Haefeli and Sweeney reconstruct events from multiple points of view, through the stories of a variety of individuals involved. These stories begin in the Native, French, and English communities of the colonial Northeast, then converge in the February 29 raid, as a force of more than two hundred Frenchmen, Abenakis, Hurons, Kahnawake Mohawks, Pennacooks, and Iroquois of the Mountain overran the northwesternmost village of the New England frontier. Although the inhabitants put up more of a fight than earlier accounts of the so-called Deerfield Massacre have suggested, the attackers took 112 men, women, and children captive. The book follows the raiders and their prisoners on the harsh three-hundred-mile trek back to Canada and into French and Native communities. Along the way the authors examine how captives and captors negotiated cultural boundaries and responded to the claims of competing faiths and empires -- all against a backdrop of continuing warfare.
By giving equal weight to all participants, Haefeli and Sweeney range across the fields of social, political, literary, religious, and military history, and reveal connections between cultures and histories usually seen as separate.
The year 1776 ended with both the Americans and the British stripped of their illusions. Each side had been forced to abandon the myth of invincibility and confront the realities of human nature on and off the battlefield.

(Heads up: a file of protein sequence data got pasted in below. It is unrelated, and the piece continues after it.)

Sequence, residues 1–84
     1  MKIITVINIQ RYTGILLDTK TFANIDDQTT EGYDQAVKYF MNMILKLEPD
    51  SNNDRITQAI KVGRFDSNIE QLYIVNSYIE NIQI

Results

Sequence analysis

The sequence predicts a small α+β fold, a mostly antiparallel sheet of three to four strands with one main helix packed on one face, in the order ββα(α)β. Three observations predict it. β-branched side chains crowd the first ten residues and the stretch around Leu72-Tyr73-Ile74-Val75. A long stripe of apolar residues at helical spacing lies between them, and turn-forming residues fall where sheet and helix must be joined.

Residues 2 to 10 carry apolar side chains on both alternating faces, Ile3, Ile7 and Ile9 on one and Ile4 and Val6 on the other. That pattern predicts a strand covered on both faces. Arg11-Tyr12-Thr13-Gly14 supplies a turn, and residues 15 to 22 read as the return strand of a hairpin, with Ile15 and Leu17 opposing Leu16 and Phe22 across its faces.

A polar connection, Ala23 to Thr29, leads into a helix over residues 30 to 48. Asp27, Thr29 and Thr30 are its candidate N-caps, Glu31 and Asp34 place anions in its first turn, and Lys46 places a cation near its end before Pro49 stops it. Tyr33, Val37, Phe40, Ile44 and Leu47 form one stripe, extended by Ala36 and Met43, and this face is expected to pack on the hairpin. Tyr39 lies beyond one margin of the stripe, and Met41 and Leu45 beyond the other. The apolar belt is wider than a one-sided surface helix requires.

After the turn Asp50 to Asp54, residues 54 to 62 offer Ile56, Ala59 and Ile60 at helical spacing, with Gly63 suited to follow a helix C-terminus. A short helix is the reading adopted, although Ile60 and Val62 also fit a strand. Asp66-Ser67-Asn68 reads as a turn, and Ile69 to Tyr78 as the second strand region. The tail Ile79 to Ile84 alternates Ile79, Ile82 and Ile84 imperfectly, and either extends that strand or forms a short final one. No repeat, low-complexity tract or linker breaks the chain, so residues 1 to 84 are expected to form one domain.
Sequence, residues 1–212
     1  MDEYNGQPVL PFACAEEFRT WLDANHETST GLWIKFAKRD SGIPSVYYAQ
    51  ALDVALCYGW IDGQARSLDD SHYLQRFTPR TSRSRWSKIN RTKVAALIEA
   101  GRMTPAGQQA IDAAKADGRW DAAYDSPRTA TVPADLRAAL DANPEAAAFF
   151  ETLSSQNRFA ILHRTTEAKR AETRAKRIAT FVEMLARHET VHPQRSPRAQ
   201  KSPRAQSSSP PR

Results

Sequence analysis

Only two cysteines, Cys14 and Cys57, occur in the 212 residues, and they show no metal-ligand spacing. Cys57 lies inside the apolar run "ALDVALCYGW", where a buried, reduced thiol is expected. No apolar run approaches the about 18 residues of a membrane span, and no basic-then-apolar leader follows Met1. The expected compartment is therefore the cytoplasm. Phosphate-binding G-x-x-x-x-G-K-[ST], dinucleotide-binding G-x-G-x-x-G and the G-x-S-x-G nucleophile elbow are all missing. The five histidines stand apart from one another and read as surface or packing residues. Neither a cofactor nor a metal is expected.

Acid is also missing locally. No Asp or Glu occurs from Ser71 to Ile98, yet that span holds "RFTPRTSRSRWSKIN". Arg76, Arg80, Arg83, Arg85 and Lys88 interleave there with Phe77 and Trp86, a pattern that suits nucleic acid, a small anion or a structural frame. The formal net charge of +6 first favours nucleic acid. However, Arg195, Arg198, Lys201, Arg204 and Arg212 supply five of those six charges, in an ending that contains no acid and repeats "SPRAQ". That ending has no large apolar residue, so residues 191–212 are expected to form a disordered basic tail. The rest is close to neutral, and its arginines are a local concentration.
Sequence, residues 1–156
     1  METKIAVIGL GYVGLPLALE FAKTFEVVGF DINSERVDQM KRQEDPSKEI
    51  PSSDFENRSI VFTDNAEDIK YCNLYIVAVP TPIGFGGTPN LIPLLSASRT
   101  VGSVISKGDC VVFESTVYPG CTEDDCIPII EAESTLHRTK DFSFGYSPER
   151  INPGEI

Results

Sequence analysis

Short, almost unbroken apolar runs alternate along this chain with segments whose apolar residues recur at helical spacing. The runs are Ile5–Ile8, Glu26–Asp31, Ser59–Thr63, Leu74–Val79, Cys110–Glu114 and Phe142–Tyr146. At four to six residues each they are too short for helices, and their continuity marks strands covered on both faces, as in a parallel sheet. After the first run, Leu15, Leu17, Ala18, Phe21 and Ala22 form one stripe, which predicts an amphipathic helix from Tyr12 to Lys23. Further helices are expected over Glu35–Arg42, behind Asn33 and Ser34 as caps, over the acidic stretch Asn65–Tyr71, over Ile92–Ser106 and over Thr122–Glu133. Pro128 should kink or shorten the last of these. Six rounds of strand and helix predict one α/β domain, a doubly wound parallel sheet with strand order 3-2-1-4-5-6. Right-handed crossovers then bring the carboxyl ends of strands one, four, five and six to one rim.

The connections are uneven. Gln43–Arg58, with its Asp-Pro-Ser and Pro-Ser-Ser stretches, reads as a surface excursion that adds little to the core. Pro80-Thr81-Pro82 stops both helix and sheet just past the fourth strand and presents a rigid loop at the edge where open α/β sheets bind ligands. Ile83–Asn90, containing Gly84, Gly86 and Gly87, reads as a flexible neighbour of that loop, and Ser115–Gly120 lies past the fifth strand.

For the Americans, it had been a shock to discover that it was easy to persuade people to cheer for life, liberty, and the pursuit of happiness, but it was another matter to convince them to make real sacrifices for these ideals. For the British, their goal of achieving proper subordination of America to England was frustrated forever.
Seventeen seventy-six was a tragic year: Americans fighting in the name of liberty persecuted and sometimes killed fellow Americans who chose to remain loyal to the old order. Seventeen seventy-six was a year of heroes: It brought forth the leaders who had the courage to fight for freedom. Seventeen seventy-six was a disgraceful year: Americans revealed a capacity for cowardice, disorganization, and incompetence.